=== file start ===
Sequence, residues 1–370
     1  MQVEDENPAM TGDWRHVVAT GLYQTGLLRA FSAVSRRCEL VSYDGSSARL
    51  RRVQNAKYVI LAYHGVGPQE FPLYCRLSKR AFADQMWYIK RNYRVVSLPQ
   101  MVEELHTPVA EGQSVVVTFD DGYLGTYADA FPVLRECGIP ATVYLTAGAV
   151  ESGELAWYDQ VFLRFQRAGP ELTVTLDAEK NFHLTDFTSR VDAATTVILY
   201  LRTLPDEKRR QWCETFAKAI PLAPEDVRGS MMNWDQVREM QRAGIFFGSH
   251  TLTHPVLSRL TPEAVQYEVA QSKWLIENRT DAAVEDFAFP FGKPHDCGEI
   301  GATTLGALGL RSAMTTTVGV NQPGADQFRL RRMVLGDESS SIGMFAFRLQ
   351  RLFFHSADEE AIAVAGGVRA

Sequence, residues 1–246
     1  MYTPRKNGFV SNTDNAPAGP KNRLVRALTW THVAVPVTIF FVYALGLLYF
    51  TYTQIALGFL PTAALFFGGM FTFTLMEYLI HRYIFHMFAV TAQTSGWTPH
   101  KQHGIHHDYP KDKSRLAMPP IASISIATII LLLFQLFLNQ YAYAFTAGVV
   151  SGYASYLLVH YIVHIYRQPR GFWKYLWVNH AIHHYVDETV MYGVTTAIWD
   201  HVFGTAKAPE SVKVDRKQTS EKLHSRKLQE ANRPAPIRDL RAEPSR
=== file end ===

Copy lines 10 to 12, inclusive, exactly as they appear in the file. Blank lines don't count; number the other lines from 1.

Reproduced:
Sequence, residues 1–246
     1  MYTPRKNGFV SNTDNAPAGP KNRLVRALTW THVAVPVTIF FVYALGLLYF
    51  TYTQIALGFL PTAALFFGGM FTFTLMEYLI HRYIFHMFAV TAQTSGWTPH